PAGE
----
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Expats in Guatemala: Pros and Cons of Living in Guatemala

By Betsy Burlingame

Summary: Expats are very forthcoming about the pros and cons of living in Guatemala. Pros include the spring-like weather, the low cost of living and the lifestyle. Cons include limited access to quality healthcare (especially outside of Guatemala City), gringo pricing, crime and the reality that the rainy season can be depressing.

Expats in Guatemala - Pros and Cons of Living in Guatemala

"Guatemala is a magical place...but like anywhere you have to take good with the bad, understand, respect and be patient with the way things work here. And learn the language," remarked one expat. Keep this advice in mind if you are considering a move to Guatemala. The following list of pros and cons of living in Guatemala are provided by expats:

Pro: The Cost of Living in Guatemala

In most of Guatemala, the cost of living in much lower than the US and Europe. "Medical treatments here are far less expensive. I had hernia surgery last August for less than $2,000 and that include one night in the hospital. Yes, American-style groceries are more expensive but what do you expect they for the most part are imported. I am responsible for a family of five that includes two males 17 and 20 who eat an outrageous amount and I still have a budget of less than $3,000 per month and that includes paying high school for one and university for another. Impossible to be anywhere close to that in the U.S.," wrote one expat.

Pro: The Weather

For most expats, the weather is one of the things that drew them to Guatemala. An expat in Lake Atitlan said, "The location. Situated at 5000 feet (1524 m) above sea level, this is not the hot tropical jungle one usually associates with living in Central America. We call it the land of eternal springtime."

An expat in Antigua wrote in his article, It's Always Springtime in Guatemala, "When you see and experience what there is to offer in the Antigua area you will quickly understand why. Antigua is arguably the most beautiful city in Latin America. An agreeable climate is high on the list of most retirees and it doesn't get any better than here in Antigua. At an elevation of 1500 meters - 5000 ft. the temperature is never goes below 50f or above 80f. Winter is the dry season and the summer-wet season is very tolerable with predictable afternoon showers. Add colonial architecture combined with lush green vegetation surrounded by three volcanoes and you have an ambiance unmatched anywhere in the world."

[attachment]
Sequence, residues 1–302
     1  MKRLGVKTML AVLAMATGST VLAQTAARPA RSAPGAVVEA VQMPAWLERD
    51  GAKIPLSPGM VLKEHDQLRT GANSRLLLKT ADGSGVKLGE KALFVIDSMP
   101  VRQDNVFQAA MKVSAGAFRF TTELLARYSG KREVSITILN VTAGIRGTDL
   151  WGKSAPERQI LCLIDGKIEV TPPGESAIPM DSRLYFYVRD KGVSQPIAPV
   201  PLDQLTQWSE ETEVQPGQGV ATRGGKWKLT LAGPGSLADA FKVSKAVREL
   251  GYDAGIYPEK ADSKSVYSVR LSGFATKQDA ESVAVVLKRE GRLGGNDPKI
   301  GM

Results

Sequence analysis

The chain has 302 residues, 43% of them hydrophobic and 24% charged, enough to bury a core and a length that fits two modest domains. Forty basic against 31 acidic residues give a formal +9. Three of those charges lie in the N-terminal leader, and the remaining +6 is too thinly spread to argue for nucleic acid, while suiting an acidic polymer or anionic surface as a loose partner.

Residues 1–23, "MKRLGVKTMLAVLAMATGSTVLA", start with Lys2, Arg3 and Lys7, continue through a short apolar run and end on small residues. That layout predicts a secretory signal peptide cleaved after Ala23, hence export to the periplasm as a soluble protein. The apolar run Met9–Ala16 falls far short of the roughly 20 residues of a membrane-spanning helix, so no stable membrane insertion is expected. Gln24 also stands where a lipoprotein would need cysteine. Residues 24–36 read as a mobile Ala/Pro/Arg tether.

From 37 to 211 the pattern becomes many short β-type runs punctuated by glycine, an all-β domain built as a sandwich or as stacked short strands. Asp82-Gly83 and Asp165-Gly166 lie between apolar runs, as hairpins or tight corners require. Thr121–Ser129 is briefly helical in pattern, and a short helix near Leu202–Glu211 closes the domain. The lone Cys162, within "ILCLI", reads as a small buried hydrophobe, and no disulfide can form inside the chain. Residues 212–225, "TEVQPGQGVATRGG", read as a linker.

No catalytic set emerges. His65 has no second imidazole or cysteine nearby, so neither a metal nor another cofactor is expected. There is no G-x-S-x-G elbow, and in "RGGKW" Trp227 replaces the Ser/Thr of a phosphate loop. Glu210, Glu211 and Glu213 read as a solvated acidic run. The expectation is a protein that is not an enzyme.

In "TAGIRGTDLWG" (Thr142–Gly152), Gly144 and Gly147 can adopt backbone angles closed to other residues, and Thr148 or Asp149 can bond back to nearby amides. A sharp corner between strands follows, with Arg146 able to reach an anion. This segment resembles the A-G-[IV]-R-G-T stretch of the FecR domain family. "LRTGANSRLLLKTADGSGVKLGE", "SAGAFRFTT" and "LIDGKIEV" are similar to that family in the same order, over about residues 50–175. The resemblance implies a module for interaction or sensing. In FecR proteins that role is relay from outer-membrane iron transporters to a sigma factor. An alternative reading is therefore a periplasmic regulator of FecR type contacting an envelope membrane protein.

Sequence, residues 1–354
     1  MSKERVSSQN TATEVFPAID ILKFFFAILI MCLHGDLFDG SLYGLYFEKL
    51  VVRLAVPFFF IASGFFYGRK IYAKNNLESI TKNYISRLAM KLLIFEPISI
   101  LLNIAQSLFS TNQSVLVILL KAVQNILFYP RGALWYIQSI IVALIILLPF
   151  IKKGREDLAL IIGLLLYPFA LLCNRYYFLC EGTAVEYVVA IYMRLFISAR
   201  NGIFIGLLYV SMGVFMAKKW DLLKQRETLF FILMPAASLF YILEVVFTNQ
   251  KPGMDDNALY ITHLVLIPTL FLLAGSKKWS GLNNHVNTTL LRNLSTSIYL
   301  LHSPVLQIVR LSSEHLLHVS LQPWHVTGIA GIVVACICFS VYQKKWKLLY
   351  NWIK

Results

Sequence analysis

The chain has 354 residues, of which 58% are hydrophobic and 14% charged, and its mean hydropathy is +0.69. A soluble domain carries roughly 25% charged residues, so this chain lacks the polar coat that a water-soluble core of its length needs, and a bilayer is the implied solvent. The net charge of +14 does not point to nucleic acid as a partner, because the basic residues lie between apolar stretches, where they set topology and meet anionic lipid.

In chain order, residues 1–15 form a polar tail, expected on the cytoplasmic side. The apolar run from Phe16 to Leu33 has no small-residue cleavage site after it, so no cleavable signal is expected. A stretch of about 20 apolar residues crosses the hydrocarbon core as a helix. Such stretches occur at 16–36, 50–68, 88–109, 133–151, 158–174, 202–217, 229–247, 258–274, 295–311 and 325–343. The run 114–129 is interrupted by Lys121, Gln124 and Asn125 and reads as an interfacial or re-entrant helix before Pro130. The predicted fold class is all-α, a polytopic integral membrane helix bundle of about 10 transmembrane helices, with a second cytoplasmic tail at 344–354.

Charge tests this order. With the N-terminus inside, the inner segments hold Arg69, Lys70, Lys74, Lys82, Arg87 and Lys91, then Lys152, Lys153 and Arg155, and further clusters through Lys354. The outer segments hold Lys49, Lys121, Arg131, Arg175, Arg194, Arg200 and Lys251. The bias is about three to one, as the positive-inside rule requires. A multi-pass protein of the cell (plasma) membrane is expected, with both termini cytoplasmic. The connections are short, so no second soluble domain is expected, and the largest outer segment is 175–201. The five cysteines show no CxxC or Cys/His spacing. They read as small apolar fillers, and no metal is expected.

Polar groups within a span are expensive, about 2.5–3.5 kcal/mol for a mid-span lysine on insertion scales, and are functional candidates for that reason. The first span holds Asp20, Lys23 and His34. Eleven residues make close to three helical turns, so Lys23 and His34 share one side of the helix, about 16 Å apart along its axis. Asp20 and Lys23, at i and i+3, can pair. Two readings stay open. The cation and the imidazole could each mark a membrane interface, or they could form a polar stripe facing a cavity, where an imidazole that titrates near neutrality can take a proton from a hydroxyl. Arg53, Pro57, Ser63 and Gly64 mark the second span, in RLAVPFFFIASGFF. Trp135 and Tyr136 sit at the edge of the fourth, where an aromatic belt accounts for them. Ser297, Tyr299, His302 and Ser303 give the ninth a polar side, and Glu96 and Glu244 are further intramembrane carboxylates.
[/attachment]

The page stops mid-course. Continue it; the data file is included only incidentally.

"The weather was amazing there. Only a few days out of the year did it get unbearably hot. My favorite time of the year was the raining season as it felt so refreshing during each afternoon's shower. The windy season was a joy," said a former expat who lived in Panajachel.

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Lake Atitlan Guatemala

Pro: The Lifestyle

An expat living in Lake Atitlan talked about the why expats love living there, "Low cost of living. Nearly everything is substantially less than what one would pay in the 1st World. The location. Situated at 5000 feet (1524 m) above sea level, this is not the hot tropical jungle one usually associates with living in Central America. We call it the land of eternal springtime. Bring a sweater. And bring a camera...this is one of the most beautiful places on Earth. Lifestyle. You can be retired and as lazy or active as you want (lots of volunteer opportunities). If you have a New Age orientation, the lake area is a vortex for seekers and practitioners of every sort."